For the folks who remain on your shopping list, narrow things down. Besides your kids and spouses, keep everyone to just one gift. These are the people closest to you in the world. You should know their likes and dislikes. Pick them up something they will really enjoy receiving.
As for the kids, make those Christmas memories special. Let them wake up to a lighted tree on Christmas morning,with wrapped gifts strewn beneath it. That’s important too, taking the time to wrap them. They key is to stay reasonably within your family’s means, and to spread gifts around evenly among multiple kids.
For your spouse there is one simple rule: make sure that whatever you do for them, large or small, that your gift or gifts reflects your appreciation for everything they are to you, for everything they do for your family. It is a great idea for spouses to actually sit down and talk about Christmas as it approaches, and to get a plan together where perhaps limits are kept on their gifts to one another to allow more assets to reach the overall holiday experience.
The most important aspect of material gift-giving is that it must bring joy to the season. You are not bringing joy into the season for your family when you are spending money that you do not have. Don’t give gifts beyond your means. Don’t put your family into debt that takes months to pay your way out of, year after year.
And there is another important thing to consider. Gifts do not need to actually cost you money out of your pocket. There are three things that you can consider giving of yourself that usually won’t require a hit on your credit card. These are gifts of your time, your talent, and the gift of forgiveness and reconciliation.
Give your time. Volunteer with a social services group that feeds the homeless. Join your church choir or volunteer to help in some other way with their preparation for the holidays. Go to the home of a relative who may be ill or who perhaps doesn’t have many close contacts, and help them out for a day, letting them know that they still have family, and that someone still cares about them.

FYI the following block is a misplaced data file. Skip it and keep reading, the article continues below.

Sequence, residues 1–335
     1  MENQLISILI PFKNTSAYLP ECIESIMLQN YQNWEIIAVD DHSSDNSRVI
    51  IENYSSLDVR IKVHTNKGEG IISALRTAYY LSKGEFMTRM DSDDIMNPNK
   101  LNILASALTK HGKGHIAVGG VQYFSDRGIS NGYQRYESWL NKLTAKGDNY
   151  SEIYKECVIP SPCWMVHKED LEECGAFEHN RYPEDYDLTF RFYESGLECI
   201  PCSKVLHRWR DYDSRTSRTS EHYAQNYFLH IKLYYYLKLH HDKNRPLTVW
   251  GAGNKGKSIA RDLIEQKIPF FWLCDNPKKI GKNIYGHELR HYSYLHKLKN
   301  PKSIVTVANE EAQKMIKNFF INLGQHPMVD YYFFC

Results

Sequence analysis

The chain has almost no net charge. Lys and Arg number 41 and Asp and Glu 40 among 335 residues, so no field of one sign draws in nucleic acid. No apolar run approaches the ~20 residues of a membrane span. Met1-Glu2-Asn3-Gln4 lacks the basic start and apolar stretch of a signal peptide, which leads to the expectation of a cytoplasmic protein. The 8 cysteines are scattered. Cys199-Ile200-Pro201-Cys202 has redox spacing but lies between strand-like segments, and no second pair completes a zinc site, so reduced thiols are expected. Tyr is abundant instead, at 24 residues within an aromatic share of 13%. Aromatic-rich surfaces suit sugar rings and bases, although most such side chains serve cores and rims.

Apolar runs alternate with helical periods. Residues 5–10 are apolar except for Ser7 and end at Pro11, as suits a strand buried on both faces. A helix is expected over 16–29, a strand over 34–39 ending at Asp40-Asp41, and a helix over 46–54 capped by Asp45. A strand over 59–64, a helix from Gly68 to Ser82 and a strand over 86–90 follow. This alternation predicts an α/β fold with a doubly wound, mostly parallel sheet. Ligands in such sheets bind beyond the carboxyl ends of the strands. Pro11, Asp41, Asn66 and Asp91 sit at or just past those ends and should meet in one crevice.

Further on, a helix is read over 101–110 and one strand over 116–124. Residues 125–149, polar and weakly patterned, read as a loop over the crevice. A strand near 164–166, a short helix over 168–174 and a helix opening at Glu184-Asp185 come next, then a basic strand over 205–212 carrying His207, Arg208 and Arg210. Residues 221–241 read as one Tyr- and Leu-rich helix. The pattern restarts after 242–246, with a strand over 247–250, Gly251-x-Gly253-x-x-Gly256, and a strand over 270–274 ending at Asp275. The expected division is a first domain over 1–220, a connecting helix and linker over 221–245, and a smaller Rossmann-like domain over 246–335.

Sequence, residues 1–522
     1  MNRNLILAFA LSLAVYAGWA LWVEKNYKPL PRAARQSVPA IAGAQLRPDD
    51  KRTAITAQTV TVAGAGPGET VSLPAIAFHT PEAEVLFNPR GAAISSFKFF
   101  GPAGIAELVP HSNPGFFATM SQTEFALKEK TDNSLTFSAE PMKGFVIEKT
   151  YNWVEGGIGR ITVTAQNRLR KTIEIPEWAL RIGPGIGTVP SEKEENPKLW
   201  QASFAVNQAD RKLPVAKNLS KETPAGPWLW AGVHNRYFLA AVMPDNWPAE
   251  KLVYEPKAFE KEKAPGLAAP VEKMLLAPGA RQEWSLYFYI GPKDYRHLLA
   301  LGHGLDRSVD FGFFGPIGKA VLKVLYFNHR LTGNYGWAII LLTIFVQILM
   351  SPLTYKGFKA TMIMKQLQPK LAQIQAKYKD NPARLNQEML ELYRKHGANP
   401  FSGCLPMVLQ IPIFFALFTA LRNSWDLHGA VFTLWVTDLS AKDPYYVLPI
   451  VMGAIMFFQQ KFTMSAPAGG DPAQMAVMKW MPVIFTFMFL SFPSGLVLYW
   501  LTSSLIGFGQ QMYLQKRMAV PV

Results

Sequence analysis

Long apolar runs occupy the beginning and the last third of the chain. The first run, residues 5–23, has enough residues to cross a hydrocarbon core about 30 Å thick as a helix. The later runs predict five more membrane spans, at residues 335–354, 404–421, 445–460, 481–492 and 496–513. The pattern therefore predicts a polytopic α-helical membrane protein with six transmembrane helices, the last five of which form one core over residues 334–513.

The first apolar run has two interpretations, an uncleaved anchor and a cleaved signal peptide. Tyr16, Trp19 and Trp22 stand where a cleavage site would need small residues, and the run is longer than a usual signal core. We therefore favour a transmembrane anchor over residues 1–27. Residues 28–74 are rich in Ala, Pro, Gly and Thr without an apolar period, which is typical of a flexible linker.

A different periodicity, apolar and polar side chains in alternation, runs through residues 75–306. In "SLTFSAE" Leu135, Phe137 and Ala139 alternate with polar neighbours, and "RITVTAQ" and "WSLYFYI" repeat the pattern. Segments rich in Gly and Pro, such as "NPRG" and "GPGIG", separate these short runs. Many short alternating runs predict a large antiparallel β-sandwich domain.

Give your talent. Every one of us has something that we can do that is special and particular to us. If you have a professional skill, donate your skills to help an individual or group that could use them. Find a niche where you can utilize them each season as a regular gift that you give to your family and community. Draw cards for a senior citizen home, or go Christmas caroling. Everyone has talent to give.
Forgive and reconcile. I recently saw an episode of the “Dr. Phil” television show where the good doctor was trying to see if there was any way that he could help mediate a family where grown adults could not set their differences aside and simply enjoy one another’s company. In particular, in sharing the holidays together with their elderly father.
Dr. Phil’s advice in the end was to not try to force something at the holidays that was not there all year long. He said that the holidays were not the time to try to fix the problem. I disagree with him. I think that the Christmas holiday is the exactly perfect time to forgive anyone, to set aside differences, and to celebrate those things we have in common, even if those things are few and as simple as blood relations.
My wife, Debbie Veasey and I were sitting around the television in the last few nights, and she turned to me and asked “Wouldn’t it be nice if we never had all of this to think about at Christmas? If people didn’t think about shopping and decorating, but just put their time and thoughts into celebrating the birth of Jesus?”
She was dead-on straight in that assessment. It would be nice of more of the emphasis to the season were on “the reason”: the birth of our Lord and Savior, Jesus Christ. The celebration of the sacrifices made by our Virgin Mother, her sainted husband Joseph, and of God Himself in becoming man. But that choice is up to each of us, individually and as a family.
Buying gifts isn’t the evil. Commercialization isn’t the evil. The evil comes in bad choices by individuals, families, and communities. Enjoy the holidays, and giving gifts when you can, within your means. But never forget the greatest gift of all, the gift that God game of Himself to all mankind. And then give of yourself when you can.
Merry Christmas to all, and may God bless you and yours this holiday season and in the new year to come.